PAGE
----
In the following cases, the court vacated and set aside its findings and made amended findings, without entering a new judgment, and was affirmed, although the fact that no new judgment was entered was not discussed: Moore v. Levy, 128 Cal.App. 687, 695-696 [ 18 P.2d 362]; Veterans' Welfare Board v. Burt, 4 Cal.App.2d 659, 661-662 [ 41 P.2d 587]; Heron v. Bray, 122 Cal.App. 79 [ 9 P.2d 513]; Knight v. Paulton, 125 Cal.App. 688 [ 14 P.2d 94]; Warner v. Harris, 84 Cal.App.2d 131, 134 [ 190 P.2d 21]; Walker v. Etcheverry, 42 Cal.App.2d 472, 475-476 [ 109 P.2d 385]. Compare Price v. Schroeder, 35 Cal.App.2d 700, 702 [ 96 P.2d 949]; Ingram v. Wessendorf, 14 Cal.App.2d 16, 18 [ 57 P.2d 989]; and Hontou v. Orvis, supra, 42 Cal.App.2d 585, 589-590, in which the court amended its findings and entered a new judgment, which was the same as the original judgment.

Del Barrio v. Sherman, supra, 16 Cal.App.2d 407, relied upon by appellant, is not in point. It holds that, where defendant moved for new trial, the court could not, under Code of Civil Procedure, section 662, make new findings and a new judgment against defendant for a greater amount than the original judgment. No such action was taken in the present case. Moreover, the decision seems to us contrary both to the letter and the purpose of the section. The case was criticized in Warner v. Harris, supra, 84 Cal.App.2d 131, which refused to follow it. To the same effect is Hontou v. Orvis, supra, 42 Cal.App.2d 585, 590, and compare Neff v. Ernst, 48 Cal.2d 628, 633-634 [ 311 P.2d 849]. Ellis v. Klaff, supra, 96 Cal.App.2d 471, merely cites Del Barrio on another question, and is not in point at all.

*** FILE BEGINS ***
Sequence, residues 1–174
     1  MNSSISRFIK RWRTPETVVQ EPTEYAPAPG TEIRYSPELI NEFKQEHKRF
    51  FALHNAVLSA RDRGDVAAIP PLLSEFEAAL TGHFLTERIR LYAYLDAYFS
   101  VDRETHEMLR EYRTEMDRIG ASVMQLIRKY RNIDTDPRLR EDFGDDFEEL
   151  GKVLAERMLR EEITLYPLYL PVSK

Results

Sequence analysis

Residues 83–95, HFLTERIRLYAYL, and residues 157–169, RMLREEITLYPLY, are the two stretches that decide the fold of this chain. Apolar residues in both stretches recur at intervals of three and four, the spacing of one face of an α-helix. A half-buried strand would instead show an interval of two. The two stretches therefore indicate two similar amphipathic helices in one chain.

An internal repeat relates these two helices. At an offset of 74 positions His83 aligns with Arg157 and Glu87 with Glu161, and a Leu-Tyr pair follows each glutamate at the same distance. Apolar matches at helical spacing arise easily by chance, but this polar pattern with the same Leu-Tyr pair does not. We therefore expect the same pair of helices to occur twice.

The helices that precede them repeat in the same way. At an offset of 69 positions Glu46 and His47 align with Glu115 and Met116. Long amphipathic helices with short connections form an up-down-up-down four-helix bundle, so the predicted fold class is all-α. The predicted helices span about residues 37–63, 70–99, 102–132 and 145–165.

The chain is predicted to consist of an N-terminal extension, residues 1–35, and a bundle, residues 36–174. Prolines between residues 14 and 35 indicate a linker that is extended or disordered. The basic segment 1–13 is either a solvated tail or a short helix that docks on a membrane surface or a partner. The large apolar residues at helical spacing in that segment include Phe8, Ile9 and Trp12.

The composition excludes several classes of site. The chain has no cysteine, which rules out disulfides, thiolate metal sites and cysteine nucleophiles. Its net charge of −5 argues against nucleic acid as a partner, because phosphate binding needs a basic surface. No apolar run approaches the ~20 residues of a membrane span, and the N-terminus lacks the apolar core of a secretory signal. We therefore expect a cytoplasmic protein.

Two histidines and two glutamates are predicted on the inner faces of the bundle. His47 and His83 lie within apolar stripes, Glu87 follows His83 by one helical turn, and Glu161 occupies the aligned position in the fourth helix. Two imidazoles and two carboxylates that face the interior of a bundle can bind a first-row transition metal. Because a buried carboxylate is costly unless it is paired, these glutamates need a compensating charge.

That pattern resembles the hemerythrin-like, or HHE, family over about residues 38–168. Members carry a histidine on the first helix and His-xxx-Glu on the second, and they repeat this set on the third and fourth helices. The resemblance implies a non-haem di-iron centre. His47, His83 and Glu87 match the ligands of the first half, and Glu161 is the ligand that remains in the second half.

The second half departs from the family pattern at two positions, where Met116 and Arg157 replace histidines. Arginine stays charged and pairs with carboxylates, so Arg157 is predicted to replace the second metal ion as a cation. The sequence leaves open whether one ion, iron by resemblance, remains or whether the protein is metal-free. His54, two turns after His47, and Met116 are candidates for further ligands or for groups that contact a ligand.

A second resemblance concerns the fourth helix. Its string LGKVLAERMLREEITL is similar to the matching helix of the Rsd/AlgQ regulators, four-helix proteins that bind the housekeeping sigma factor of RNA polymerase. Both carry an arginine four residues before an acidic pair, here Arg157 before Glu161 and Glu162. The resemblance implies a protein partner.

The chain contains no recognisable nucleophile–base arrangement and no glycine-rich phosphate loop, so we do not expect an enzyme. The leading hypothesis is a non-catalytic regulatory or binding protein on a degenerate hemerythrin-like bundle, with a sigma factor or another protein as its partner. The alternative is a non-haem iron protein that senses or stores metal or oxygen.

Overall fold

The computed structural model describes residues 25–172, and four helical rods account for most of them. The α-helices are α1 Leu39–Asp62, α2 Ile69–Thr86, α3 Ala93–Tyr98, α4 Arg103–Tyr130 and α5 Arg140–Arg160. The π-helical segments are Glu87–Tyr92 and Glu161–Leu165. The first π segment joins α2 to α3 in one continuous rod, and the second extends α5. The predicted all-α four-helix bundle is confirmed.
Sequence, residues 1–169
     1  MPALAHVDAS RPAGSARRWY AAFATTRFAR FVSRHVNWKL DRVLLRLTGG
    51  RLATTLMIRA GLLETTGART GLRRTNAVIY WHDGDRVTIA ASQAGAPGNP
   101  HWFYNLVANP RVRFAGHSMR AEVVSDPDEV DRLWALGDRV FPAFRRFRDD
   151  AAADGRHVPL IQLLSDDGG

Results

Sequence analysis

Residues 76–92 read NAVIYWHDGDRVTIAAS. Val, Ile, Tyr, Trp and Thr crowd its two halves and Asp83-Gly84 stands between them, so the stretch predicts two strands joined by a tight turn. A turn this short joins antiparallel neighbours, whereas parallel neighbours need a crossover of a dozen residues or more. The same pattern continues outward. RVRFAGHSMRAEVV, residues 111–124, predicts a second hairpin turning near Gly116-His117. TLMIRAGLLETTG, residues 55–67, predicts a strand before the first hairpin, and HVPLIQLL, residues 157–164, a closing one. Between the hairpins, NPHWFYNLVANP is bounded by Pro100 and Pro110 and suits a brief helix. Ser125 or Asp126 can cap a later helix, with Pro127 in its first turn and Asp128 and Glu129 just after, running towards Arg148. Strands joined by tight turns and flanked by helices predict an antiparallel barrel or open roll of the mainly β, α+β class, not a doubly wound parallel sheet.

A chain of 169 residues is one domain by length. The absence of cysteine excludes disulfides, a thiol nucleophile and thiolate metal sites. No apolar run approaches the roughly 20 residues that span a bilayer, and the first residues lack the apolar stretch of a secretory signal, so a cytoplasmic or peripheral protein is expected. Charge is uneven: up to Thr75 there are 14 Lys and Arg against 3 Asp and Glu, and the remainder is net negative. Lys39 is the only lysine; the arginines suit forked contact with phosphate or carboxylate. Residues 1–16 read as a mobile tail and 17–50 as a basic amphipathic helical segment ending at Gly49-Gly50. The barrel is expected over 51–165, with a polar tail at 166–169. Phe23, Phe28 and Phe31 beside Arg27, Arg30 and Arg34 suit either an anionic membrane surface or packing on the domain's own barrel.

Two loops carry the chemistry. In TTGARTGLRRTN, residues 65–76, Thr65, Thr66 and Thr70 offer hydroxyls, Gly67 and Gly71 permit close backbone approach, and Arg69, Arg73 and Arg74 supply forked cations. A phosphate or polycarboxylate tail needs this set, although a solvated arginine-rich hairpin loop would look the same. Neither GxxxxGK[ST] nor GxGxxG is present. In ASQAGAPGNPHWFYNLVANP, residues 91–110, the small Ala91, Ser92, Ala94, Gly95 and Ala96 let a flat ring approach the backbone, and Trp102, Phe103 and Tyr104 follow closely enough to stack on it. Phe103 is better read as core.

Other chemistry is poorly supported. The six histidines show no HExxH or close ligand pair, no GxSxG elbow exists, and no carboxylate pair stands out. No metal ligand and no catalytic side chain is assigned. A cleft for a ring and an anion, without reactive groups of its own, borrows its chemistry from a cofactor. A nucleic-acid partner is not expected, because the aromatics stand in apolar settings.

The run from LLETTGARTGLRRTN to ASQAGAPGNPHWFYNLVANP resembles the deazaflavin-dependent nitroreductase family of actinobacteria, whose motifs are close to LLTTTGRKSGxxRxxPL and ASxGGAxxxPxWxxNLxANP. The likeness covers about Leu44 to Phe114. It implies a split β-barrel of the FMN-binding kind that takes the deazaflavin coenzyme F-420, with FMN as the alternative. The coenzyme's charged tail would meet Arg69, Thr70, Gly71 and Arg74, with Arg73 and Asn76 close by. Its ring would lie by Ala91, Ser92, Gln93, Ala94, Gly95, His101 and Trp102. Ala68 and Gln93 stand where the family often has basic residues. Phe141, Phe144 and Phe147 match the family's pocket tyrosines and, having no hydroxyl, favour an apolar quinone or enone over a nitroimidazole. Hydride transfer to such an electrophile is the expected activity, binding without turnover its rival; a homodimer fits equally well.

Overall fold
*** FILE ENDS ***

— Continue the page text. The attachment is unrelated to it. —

3. The findings cover the cross-complaint.

The findings do not refer expressly to particular allegations, either of the complaint or of the cross-complaint. They do, however, find all essential facts to sustain a judgment for respondent and against appellant, both upon the complaint and upon the cross-complaint. The judgment provides, inter alia, that "defendant take nothing on the Cross-complaint." Nothing more is required. ( Kramer v. Sanguinetti, 33 Cal.App.2d 303, 311 [ 91 P.2d 604]; Morris v. Filomeo, 90 Cal.App. 432, 435 [ 265 P. 991]; San Gabriel Valley Ready-Mixt v. Casillas, 142 Cal.App.2d 137 [ 298 P.2d 76].)

The findings are clearly erroneous in one respect. Respondent testified that she received $160 for her car, which had a value of $250. She thus suffered damage of $90. The finding has the figures reversed.

It is therefore ordered that paragraph VII of the amended findings of fact filed February 25, 1959, in the court below be amended by striking from the fifth line thereof "$90.00" and inserting "$160.00," and by striking from the seventh line thereof "$160" and inserting "$90.00," and that the judgment dated December 24, 1958, and entered December 26, 1958, be modified by striking from line 28 thereof "$2445.00" and inserting "$2375.00." As so modified, the judgment is affirmed. Respondent shall recover costs on appeal.

Bray, P.J., and Tobriner, J., concurred.

Summaries of

Oliver v. Boxley

Court of Appeal of California, First District, Division One
May 31, 1960
181 Cal.App.2d 471 (Cal. Ct. App. 1960)
Case details for

Oliver v. Boxley

Case Details

Full title:ROSE MARY OLIVER, Respondent, v. ANTHONY BOXLEY, Appellant

Court:Court of Appeal of California, First District, Division One

Date published: May 31, 1960


181 Cal.App.2d 471 (Cal. Ct. App. 1960)
5 Cal. Rptr. 468